What’s behind the Belarus protests?

He remains in jail and Tikhanovskaya has since fled the country to neighboring Lithuania. She has called on local authorities around the country to support the protests against Lukashenko’s authoritarian rule. Police have used live ammunition against demonstrators. Two protesters have been killed and hundreds injured.

On Friday, E.U. officials met and decided to pursue new sanctions targeting Belarusan officials, two diplomats familiar with the discussions said. They spoke on the condition of anonymity while the meeting was ongoing.

Here’s what we know so far.

What’s the background?

Belarus is commonly known as “Europe’s last dictatorship.” Lukashenko came to power in 1994. He has been accused of falsifying election results numerous times, both by the country’s opposition and by independent observers.

The European Union has imposed sanctions on the country, for human rights violations including election fraud and undermining Democratic norms, at least twice over the past 15 years. Those sanctions were largely lifted in 2016, after Lukashenko released political prisoners. An arms embargo remains in place.

Lukashenko, 65, never built a formal base of support. Officially independent, the closest thing he has to organized backing is Belaya Rus, an association founded in 2007 by Lukashenko allies and members of the country’s political establishment. It operates more as a civil society organization than an official political party, according to a 2016 assessment by Belarus Digest, a defunct analysis group.

A record 55 groups tried to put forward candidates for this year’s election. Fifteen were allowed to participate.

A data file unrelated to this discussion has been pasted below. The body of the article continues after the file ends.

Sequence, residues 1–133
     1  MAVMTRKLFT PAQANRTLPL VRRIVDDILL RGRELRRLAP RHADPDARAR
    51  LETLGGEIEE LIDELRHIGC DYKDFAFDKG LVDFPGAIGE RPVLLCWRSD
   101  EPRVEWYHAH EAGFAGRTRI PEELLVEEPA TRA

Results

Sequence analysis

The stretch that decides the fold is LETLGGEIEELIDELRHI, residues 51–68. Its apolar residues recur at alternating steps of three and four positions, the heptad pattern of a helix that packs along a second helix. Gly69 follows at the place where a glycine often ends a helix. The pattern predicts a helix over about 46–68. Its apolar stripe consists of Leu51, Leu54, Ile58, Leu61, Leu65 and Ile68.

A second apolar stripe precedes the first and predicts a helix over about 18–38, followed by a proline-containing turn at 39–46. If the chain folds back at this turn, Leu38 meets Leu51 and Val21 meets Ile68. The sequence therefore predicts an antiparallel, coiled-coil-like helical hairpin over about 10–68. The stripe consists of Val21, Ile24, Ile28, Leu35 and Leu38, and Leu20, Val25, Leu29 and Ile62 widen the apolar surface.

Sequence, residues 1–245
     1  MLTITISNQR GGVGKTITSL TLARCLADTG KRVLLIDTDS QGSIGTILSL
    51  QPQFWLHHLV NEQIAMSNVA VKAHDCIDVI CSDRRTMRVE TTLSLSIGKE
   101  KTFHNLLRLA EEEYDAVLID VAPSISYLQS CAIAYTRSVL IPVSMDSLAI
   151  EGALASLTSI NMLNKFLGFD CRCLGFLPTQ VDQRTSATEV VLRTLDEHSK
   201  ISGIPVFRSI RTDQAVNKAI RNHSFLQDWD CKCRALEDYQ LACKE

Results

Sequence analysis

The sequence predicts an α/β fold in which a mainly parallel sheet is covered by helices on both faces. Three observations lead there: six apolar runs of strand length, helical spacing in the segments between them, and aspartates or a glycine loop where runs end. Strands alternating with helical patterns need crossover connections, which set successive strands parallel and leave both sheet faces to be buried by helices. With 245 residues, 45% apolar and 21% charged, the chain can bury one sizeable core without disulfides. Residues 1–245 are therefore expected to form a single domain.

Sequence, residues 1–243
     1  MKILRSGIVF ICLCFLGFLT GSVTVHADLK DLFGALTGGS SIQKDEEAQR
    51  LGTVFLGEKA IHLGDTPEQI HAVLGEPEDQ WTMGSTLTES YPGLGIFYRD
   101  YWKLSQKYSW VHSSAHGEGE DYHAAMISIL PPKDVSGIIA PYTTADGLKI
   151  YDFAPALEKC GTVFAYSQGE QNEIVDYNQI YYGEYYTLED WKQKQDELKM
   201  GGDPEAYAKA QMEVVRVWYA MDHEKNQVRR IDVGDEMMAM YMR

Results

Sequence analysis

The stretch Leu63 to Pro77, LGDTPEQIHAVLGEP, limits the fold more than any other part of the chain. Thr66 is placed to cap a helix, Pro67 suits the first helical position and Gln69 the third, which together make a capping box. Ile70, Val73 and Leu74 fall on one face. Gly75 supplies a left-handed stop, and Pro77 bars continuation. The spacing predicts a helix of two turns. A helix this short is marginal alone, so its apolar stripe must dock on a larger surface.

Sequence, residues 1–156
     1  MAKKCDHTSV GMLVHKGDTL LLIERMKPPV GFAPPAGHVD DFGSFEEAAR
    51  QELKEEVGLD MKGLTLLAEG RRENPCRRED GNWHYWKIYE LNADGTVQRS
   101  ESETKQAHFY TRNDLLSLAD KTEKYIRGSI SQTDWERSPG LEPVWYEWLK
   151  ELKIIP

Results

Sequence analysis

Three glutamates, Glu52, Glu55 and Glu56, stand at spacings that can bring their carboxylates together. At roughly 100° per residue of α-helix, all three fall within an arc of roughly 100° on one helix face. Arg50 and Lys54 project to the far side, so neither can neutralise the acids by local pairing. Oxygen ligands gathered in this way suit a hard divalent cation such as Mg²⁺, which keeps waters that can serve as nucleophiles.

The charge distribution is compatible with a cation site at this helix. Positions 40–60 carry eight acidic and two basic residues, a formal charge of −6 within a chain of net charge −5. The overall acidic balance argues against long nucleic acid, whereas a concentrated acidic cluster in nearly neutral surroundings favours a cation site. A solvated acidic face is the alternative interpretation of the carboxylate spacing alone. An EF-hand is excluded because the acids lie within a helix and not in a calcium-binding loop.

Throughout his time in office, Lukashenko has relied on a “personality-based system,” according to Belarus Digest, to secure his position.

That system is now coming apart, said Maryna Rakhlei, a senior program officer for the German Marshall Fund in Berlin.

Why did the situation escalate?

Farmers and factory workers, whom Rakhlei called Lukashenko’s “silent majority,” have walked off the job in protest, spreading the unrest beyond the capital, Minsk, to create a “massive movement of people” that cuts across age, class and political ideology.

The novel coronavirus pandemic is one of several factors that help explain the popular backlash, Rakhlei said.

Lukashenko has been dismissive of the virus and mocked victims. Early on in the pandemic, he declared: “No one will die of coronavirus in our country.” He recommended vodka, tractor drives and sauna visits.

But the country of 9.5 million has officially confirmed around 70,000 cases and has recorded 603 deaths, though critics say the real figures are higher.

Lukashenko said he contracted the virus himself but claimed that he weathered it standing “on his feet.”

The pandemic forced many migrant workers to return to Belarus, leaving them jobless and their families without income. Their experiences abroad, Rakhlei said, as well as a younger generation more connected to the outside world, have helped drive anti-Lukashenko sentiment.

Who is challenging Lukashenko?

Three female leaders have become the faces of Belarusans’ discontent with the status quo in recent weeks: main opposition candidate and former teacher Svetlana Tikhanovskaya, along with Veronika Tsepkalo and Maria Kolesnikova.

Both Tikhanovskaya and Tsepkalo entered the race after their husbands came under political pressure and were unable to run for office. Kolesnikova initially worked as a campaign manager for another presidential hopeful, until he was arrested this summer.